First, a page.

Still looking for an excuse to buy an 800-MHz PC? Here's one: You may soon be able to use it to run a Digital Subscriber Line without a modem.
Stories by Eric Brown
Once upon a time, everyone thought that digital subscriber lines would carry digital interactive TV. Not much came of that, but today DSL is the fastest-rising star in broadband Internet access.
You're surfing the Web with your broadband connection, but you just can't find a video clip encoded at more than 300 kilobits per second. That's no accident: It's about all the typical broadband user can reliably handle.
More and more 200- and 300-kilobits-per-second media clips are making their way onto the Web. Some are slipping quietly onto mainstream consumer streaming pages, while some are showcased in brave new sites aimed exclusively at cable modem and digital subscriber line users.
Ready to take a broadband tour of the Web? Finding quality content designed for your high-speed connection isn't easy, but I can point you in the right direction.
Only a year ago, we had a hard time finding online content designed especially for the lucky few of us with cable-modem and DSL connections. Even the broadband Internet service providers didn't have much to boast about; only Excite@Home's limited showcase approached being a broadband portal.
If you want to impress your friends with your new broadband Internet connection, a tour of the usual sites may not do the trick.
Your shopping list: milk, butter, coffee beans, and broadband. Don't laugh. Already, you can pick up a Digital Subscriber Line bundle with a modem and service at some retail outlets. Upcoming deals promise to save time and reduce aggravation by letting you install DSL yourself. And do-it-yourself cable modems are also in the works. But temper your excitement: The reality we experienced was far from trouble-free.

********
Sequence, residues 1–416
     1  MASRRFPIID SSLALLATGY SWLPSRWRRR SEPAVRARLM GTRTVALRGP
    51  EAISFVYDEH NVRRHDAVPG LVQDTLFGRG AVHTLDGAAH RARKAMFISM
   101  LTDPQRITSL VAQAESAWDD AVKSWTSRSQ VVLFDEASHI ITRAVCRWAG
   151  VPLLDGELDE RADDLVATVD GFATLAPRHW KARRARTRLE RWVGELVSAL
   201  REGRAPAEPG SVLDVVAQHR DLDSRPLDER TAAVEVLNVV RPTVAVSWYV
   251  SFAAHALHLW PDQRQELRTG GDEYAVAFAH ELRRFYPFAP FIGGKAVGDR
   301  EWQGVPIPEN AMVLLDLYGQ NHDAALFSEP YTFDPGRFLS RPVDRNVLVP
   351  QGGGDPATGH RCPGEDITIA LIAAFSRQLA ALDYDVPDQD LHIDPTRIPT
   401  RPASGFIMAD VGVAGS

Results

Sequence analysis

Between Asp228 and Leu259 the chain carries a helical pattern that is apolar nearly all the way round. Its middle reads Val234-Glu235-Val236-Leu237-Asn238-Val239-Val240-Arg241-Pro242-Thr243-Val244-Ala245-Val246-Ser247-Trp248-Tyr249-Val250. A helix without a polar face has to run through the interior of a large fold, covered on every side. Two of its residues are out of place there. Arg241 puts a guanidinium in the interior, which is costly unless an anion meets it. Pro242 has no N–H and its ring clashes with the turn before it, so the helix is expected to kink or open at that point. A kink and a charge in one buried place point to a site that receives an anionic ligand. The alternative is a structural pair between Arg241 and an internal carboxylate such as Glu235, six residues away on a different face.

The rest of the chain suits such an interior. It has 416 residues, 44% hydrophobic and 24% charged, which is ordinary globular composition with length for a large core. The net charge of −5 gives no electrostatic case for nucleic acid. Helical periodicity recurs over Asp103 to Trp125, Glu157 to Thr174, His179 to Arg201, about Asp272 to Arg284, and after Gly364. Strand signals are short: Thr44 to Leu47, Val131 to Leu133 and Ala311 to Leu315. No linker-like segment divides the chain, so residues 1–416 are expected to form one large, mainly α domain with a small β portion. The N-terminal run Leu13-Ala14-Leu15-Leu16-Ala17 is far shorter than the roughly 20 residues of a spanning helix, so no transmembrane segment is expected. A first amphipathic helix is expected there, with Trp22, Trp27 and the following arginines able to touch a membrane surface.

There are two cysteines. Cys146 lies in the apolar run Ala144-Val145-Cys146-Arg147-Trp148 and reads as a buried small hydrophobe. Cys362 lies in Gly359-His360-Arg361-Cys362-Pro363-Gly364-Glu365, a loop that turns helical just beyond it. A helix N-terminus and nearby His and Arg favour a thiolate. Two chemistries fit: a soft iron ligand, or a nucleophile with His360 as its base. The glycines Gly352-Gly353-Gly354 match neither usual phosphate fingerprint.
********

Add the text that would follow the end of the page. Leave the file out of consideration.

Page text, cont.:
Emerging High-Definition Television digital broadcasting technology is providing a basis for an interesting partnership between rivals for your leisure time: TV broadcasters and Web sites.
America Online (AOL) hasn't abandoned plans for DSL (digital subscriber line) service despite the cable connection it expects to gain by merging with media giant Time Warner. AOL is joining with PC vendor Gateway to sell AOL Plus, a high-speed 'Net access service.
No sooner had the surprising news of America Online Inc.'s $190 billion purchase of Time Warner Inc. hit the street than pundits started speculating of a rash of Internet companies buying media firms. Don't count on it.
Digital Subscriber Line and cable Internet access are here to stay, but don't expect to be able to choose your Internet provider. We explain just who owns what in the new world order.
DSL and cable modems promise instant access to the Internet. But service hassles are giving users bad vibes. Here's how to avoid the sour notes.